Finding a foothold

Long Beach, Calif., August 25, 2015 - For a country that has delivered 60 percent of the gold medals in Olympic Beach Volleyball competition, the United States heads toward the Rio 2016 Summer Games still trying to find a foothold in the game it invented.

Sure, the talent pool is deep. But questions about the teams abound following the ASICS World Series of Beach Volleyball, the fourth of five Grand Slam events on the 2015 FIVB World Tour calendar.

American teams won the silver in both the men’s and women’s events, but the teams that produced the medals are still well behind in the chase for Olympic qualifying points.

“We have four, five strong American teams so I don’t think we’re the American team to beat,” Nick Lucena said after he and Phil Dalhausser fell in a tense final to Brazil’s Bruno Oscar Schmidt and Alison Cerutti in the final. “But we’re going to try and be up there every tournament. It’s encouraging, it’s a little disappointing we lost.”

Lucena and Dalhausser were playing their first FIVB event together and only their third event overall since they rejoined forces last month.

They are basically starting to scratch and rank as the No. 5 American team behind Jake Gibb and Casey Patterson (No. 7 overall), John Hyden and Tri Bourne (15) and even Ryan Doherty and John Mayer (29), who have chosen to concentrate on the domestic tour the rest of the summer.

But Gibb and Patterson struggled to the 25th-place finish at Long Beach.  Doherty and Mayer finished fifth after being eliminated by Dalhausser and Lucena while Bourne and Hyden scored a ninth with a step forward with a pool-play win over Alison and Bruno.

“To do it against that team is pretty big because they’re the No. 1 team in the world,” Hyden said. “That helps our confidence to stay in the game and hopefully we take our play this week into next week and not make the small errors.”

Rosenthal and Brunner, who finished 17th,  were also playing in the first FIVB event together and are still trying to smooth things out. They’ve even switched sides, with Rosenthal taking over on the left.

“I think the side switch is going to be really good for us,” Brunner said. “That was my first time ever playing on the right and I think it’s going to be really good. I’ve just got to iron out my blocking, get my block defense a little better which I think will be easy for us. I’m super optimistic going forward.”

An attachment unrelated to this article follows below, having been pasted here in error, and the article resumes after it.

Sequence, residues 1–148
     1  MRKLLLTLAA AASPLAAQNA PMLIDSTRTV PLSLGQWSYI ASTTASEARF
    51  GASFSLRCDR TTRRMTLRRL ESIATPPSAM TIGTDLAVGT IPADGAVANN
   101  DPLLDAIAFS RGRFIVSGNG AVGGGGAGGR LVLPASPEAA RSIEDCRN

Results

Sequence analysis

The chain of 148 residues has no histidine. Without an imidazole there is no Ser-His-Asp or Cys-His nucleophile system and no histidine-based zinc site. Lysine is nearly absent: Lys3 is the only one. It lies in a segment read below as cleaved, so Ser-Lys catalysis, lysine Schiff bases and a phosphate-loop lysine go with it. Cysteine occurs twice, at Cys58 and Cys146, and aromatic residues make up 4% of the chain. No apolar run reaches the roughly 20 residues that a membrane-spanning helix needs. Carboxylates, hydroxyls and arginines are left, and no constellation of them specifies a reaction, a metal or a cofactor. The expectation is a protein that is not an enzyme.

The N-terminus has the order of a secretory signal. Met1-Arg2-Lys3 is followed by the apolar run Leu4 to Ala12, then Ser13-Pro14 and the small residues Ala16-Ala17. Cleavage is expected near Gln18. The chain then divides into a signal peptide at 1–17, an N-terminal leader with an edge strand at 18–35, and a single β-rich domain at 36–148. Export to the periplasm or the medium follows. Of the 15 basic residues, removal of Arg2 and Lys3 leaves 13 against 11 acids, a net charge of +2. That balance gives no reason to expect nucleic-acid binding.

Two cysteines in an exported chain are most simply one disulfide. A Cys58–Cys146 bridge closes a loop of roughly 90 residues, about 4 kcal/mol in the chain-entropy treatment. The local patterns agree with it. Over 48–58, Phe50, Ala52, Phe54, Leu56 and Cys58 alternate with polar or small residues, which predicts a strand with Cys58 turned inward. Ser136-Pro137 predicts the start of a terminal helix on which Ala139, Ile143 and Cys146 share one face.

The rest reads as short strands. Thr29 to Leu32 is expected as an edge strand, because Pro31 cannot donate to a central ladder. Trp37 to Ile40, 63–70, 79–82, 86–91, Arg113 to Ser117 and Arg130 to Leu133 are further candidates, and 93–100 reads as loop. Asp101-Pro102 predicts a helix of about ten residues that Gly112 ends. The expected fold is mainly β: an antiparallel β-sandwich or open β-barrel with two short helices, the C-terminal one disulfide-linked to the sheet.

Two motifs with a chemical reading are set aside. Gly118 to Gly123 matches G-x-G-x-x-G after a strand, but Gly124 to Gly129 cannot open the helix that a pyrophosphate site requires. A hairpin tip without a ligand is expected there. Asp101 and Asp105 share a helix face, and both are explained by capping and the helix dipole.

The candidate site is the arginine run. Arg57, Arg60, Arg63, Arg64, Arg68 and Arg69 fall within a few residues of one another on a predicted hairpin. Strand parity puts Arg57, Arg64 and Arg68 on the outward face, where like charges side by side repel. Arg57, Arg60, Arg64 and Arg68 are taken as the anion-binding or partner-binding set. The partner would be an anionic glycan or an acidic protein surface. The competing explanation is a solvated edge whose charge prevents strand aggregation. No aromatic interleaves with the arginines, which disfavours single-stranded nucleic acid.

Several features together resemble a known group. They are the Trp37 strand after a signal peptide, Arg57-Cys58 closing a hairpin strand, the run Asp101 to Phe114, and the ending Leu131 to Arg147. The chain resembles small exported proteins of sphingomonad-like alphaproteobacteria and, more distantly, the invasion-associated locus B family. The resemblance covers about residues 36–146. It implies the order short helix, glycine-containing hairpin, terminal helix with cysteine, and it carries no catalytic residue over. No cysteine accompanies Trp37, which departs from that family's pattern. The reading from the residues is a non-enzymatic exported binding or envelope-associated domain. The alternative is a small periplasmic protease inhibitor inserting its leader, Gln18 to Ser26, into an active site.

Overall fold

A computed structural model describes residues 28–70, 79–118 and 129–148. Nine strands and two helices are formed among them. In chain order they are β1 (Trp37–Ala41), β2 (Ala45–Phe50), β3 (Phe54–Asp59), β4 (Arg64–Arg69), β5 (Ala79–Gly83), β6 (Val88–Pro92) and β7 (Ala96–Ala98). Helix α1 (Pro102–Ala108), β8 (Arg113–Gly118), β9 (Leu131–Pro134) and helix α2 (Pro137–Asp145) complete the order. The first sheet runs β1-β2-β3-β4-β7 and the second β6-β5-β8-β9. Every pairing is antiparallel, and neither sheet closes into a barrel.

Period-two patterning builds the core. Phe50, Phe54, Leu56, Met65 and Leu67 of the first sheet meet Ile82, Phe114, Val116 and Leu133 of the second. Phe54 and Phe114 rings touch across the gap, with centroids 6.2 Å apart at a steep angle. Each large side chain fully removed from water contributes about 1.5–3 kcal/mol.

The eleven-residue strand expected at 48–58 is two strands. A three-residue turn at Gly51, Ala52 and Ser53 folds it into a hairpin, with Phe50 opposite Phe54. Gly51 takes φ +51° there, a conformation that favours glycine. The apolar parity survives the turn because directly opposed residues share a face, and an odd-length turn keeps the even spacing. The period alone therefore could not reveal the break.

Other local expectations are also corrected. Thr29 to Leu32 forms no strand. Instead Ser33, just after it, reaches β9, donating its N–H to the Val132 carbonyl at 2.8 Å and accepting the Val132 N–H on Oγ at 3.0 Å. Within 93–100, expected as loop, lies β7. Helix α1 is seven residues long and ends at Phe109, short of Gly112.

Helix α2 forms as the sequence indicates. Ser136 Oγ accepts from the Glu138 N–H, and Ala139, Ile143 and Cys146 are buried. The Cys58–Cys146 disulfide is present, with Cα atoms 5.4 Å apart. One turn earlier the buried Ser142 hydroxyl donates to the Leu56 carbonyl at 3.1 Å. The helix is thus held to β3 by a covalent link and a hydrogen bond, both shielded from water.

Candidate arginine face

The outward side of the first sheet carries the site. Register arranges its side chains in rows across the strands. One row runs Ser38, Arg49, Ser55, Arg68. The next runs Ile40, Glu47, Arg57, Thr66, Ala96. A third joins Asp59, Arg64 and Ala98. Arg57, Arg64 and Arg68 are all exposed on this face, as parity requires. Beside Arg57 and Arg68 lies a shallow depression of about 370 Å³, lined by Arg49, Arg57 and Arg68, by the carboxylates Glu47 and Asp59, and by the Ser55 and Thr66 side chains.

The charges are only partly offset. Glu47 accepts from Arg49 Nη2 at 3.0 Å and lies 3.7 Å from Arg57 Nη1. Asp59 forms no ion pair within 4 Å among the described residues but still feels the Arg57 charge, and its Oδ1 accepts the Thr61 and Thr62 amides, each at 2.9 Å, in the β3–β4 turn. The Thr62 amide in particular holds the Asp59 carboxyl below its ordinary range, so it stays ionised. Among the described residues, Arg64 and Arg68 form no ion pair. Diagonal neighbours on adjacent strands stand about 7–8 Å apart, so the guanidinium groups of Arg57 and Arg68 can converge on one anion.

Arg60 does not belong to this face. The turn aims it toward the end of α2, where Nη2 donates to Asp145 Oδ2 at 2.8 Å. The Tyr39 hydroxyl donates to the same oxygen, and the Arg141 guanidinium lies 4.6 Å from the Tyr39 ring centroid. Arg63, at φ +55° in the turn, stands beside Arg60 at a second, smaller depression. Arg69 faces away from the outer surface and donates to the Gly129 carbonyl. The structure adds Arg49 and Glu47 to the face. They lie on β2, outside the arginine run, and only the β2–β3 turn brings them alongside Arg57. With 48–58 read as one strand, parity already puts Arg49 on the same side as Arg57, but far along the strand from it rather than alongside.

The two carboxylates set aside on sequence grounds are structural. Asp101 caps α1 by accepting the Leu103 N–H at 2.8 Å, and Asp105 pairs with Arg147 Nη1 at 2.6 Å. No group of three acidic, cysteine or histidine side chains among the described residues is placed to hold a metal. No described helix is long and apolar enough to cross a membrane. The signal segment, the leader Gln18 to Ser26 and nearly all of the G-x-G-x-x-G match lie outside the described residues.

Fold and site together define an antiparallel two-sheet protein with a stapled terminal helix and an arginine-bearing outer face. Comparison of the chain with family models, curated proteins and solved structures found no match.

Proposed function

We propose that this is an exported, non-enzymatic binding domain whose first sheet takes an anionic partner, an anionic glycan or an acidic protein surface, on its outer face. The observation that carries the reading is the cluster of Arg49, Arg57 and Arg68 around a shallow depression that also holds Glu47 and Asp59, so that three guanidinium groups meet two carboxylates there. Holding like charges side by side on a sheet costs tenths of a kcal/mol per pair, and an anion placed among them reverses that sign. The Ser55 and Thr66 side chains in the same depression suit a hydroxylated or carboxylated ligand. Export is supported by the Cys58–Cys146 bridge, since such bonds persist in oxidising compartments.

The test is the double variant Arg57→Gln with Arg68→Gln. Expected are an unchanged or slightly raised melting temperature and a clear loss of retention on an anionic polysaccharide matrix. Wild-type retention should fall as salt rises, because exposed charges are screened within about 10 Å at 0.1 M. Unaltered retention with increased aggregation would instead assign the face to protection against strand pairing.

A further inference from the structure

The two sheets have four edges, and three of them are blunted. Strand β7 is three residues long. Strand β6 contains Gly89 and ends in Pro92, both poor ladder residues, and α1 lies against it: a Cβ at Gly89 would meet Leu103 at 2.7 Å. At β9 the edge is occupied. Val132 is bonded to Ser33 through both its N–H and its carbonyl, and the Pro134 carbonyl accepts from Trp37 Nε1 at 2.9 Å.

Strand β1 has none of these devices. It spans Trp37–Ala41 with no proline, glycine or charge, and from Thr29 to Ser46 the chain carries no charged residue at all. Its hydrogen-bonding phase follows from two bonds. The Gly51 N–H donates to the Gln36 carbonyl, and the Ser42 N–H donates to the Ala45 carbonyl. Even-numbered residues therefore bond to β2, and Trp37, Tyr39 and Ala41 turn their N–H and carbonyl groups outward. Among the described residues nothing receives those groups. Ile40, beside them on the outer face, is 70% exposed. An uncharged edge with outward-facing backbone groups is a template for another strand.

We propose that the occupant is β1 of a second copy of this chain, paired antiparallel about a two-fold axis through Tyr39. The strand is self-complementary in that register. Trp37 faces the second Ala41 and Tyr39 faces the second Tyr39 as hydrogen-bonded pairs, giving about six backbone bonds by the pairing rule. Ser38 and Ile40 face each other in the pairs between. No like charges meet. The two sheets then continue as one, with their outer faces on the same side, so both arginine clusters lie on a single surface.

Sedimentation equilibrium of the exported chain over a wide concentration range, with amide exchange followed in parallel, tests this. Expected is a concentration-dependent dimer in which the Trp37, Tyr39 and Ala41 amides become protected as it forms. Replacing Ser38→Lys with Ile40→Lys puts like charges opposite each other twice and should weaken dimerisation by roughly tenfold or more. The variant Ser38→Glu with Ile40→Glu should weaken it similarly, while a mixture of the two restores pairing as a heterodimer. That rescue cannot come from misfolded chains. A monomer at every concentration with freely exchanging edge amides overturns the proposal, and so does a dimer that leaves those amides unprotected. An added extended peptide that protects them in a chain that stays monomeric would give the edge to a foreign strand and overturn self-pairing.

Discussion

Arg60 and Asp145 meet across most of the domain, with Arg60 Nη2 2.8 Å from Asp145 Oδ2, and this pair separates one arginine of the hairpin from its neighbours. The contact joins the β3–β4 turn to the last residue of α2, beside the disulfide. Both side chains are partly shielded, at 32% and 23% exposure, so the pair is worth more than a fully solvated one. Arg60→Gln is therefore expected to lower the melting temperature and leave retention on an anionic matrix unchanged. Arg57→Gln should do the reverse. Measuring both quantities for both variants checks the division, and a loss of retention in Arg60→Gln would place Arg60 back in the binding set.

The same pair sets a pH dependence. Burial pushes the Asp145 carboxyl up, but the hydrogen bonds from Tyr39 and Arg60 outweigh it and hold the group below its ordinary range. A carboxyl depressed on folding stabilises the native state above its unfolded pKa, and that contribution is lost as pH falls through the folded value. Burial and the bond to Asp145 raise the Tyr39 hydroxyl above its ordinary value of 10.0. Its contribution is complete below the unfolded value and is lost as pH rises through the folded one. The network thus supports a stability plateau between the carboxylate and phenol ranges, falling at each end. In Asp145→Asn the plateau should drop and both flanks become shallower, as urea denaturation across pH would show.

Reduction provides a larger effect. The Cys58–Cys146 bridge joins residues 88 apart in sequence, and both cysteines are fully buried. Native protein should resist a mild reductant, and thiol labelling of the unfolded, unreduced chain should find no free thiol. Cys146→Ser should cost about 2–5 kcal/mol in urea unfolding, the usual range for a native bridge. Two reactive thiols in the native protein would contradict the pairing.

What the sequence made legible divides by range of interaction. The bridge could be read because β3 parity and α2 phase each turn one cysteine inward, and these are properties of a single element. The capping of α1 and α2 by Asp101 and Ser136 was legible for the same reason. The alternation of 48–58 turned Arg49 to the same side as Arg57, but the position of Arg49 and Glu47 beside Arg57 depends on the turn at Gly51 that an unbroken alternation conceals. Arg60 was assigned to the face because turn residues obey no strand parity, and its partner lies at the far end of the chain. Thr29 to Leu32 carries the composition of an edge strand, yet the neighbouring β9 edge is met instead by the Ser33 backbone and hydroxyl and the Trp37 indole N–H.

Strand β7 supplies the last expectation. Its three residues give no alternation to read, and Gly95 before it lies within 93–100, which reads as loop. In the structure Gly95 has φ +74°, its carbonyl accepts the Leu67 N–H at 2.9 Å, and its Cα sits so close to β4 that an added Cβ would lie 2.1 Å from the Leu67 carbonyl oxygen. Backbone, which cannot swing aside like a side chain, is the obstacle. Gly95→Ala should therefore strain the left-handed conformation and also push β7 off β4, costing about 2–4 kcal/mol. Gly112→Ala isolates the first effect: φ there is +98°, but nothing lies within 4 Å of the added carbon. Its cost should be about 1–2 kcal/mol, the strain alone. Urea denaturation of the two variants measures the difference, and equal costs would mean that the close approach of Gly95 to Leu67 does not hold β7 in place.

But they know it’s not going to be easy.

“We’ve got a long way to go and it’s got to start now,” Rosenthal said. “Or never.”

The USA women’s team that placed second, April Ross and Kerri Walsh Jennings, would have been among the favorites until Walsh Jennings suffered a shoulder injury that has relegated the duo to the No. 21 spot on the FIVB points list. That places them behind American teams Lauren Fendrick and Brooke Sweat (No. 15) and Emily Day and Jen Kessy (No. 18).

Walsh Jennings may be back, but she’s also holding back. She serves only underhanded and will swing for shots only with her left arm.

“I’m not going to swing (right-handed) for the rest of the year,” Walsh Jennings said. “And that’s period. After the season, I’ll assess what I need to do.”

Not that anything can dampen the enthusiasm of the player who has won the last three Olympic gold medals.

“Big picture, I know we can be the best in the world. We played like it all week long and then we just played against the best in the world and we know their level and we have bigger and better in us. We can be so much higher, so much higher than I’ve ever played in my life. So I’m just excited.”

Day and Kessy placed ninth in Long Beach but so did the new team of Jennifer Fopma and Brittany Hochevar, two veterans who could make a move in the push for Rio.

“We have a lot of improving to do and that’s encouraging, too, that we can get better,” Fopma said. “I’m super pumped. I feel like we have good chemistry on the court, we’re both at the same point in our careers, We’re both in our low 30s, so we’re making this one big push.”

“I’ve played with some young players over the last couple years and there’s just something to be said when you share the same goals with someone in the same timing,” Hochevar said. “You share that sense of urgency but it’s not a panic. It’s ‘We’re going to make a run now.’ It’s not ‘Oh, we’ll have time to figure this out.’”


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